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I have the following map with target node "E":

val map = Map("A" -> "B", "A" -> "C", "C" -> "D", "C" -> "E")

It describe a directed node graph, which looks like:

  
  A
 / \
 B  C
   / \     
  D   E

I need to enter the graph at any point and generate a route to the target node.

Example 1: Enter at A -> Route: A->C->E
Example 2: Enter at D -> Route: D->C->E
Example 3: Enter at B -> Route: B->A->C->E

Does anyone know of a compact algo which could do this as this must have been attempted before.

Look forward to hearing from you.

Cheers,

Jez

share|improve this question
9  
Hint: it is known as the shortest path problem... – Nicolas Nov 26 '12 at 11:54
5  
You cannot represent this as a Map, since in a regular map, a key like A can only have one mapped value. – Jean-Philippe Pellet Nov 26 '12 at 12:08
    
In your example there is only one path from each entry point to the target node, however generally in a graph this may not be the case. Is this property something you can guarantee, or if not do you care which route you get? Are you after the shortest? – Brian Smith Nov 26 '12 at 12:17
    
As long as it is a tree (a special case of a graph) a map can be used to represent it. In this case the child has to be the key and the parent has to be the value. That makes it cheap to find the parent of a child, but it is expensive to find all children of a parent. As far as I remember the Dijstra algorithm is the fastest. Maybe that depends on the parameters and implementation. – user573215 Nov 26 '12 at 12:58
    
as Jean-Philippe Pellet said, you cannot use a Map like that. i think you meant Map[String,Set[String]] instead of Map[String,String], where's the key is the node, and the value is a set that contains all the node's neighbours. – gilad hoch Nov 26 '12 at 13:14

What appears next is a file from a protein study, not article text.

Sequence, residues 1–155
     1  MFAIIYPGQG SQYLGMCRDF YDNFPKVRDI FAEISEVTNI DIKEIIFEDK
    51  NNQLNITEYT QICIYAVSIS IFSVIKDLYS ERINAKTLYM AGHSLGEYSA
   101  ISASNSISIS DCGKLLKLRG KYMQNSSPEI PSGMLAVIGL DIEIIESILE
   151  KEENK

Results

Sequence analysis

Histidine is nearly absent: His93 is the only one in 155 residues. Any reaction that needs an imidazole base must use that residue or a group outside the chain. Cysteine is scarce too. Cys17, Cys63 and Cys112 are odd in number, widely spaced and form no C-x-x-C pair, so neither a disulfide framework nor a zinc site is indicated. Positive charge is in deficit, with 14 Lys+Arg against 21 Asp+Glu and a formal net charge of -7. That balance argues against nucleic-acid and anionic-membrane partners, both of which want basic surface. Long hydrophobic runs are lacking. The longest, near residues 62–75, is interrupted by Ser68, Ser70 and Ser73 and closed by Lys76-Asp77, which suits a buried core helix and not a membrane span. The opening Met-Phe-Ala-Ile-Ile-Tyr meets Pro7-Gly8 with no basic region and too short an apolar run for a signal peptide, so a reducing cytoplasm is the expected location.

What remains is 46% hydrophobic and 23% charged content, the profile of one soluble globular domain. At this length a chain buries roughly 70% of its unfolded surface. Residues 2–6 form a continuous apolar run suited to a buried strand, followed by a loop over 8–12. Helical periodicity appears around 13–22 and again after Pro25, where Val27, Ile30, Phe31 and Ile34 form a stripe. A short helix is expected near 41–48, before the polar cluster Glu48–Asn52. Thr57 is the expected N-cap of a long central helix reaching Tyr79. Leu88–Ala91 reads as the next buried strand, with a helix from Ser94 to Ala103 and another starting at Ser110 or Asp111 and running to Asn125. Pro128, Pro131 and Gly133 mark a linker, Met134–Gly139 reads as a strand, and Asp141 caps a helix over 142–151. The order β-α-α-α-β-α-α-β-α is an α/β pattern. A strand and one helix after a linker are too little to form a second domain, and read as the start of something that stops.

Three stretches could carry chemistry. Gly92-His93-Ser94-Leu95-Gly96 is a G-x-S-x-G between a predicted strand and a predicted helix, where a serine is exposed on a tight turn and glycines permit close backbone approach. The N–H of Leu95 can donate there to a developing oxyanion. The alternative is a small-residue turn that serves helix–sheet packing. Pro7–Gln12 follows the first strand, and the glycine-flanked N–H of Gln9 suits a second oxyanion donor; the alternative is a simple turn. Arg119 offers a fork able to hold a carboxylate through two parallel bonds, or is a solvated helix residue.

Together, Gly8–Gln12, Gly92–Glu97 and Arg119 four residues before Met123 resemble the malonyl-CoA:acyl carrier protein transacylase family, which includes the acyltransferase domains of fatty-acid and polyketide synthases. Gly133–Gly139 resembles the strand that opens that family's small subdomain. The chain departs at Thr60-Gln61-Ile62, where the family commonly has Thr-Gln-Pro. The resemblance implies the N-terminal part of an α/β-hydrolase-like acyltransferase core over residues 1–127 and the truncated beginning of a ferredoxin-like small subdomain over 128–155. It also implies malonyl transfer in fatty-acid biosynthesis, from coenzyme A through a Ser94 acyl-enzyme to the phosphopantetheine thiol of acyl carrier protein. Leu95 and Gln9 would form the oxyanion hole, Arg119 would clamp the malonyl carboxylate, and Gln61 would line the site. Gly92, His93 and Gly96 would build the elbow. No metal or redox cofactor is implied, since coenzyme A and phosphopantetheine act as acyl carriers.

So, here is it:

  val map = List("A" -> "B", "A" -> "C", "C" -> "D", "C" -> "E")

  def pathOf(tree: Iterable[(String,String)],from: String,to: String, path: List[String] = Nil): List[String] = {
    if(from == to) return to::path
    tree.filterNot{ case(a,b) => path.contains(a)||path.contains(b) }
    .collect{
      case (a,b) if a == to => b
      case (a,b) if b == to => a
    }.map{ x => pathOf(tree,from,x,to::path) }
    .find{ _.nonEmpty }
    .getOrElse(Nil)
  }

Use case:

scala>  pathOf(map,"B","E").mkString("->")
res1: String = B->A->C->E

scala>  pathOf(map,"C","E").mkString("->")
res2: String = C->E
share|improve this answer

As relatively new to Scala, I take this problem as a good exercise for myself and would like to share my solution with all of you. Any comments are welcomed!

BTW, the solution given by @Eastsun is a depth-first search which "memorizes" visited nodes in each path, while mine is a breadth-first search where memorization is not required (though you can definitely add this feature to improve efficiency). For trees they yield the same answer but for general graphs they can differ.

The neighbors of each node can also be cached for optimization.

val graph = Vector(("A","B"), ("A","C"), ("C","D"), ("C","E"))
def adjacent(a: String) = {
  graph flatMap {
    case (`a`, x) => Some(x)
    case (x, `a`) => Some(x)
    case _ => None
  }
}
def go(from: String, to: String) {
  def expand(paths: Vector[Vector[String]]) {
    paths.find(_.last==to) match {
      case Some(x) => println(x); return
      case None => expand(paths flatMap { e => 
        adjacent(e.last) map (e :+ _) 
      })
    }
  }
  expand(Vector(Vector(from)))
}
// tests
go("A","E")  // Vector(A, C, E)
go("B","E")  // Vector(B, A, C, E)
go("D","E")  // Vector(D, C, E)

Version with memorization: change

adjacent(e.last) map (e :+ _)

to

adjacent(e.last) filterNot (x => paths.flatten contains x) map (e :+ _)

or put this functionality in the adjacent function.

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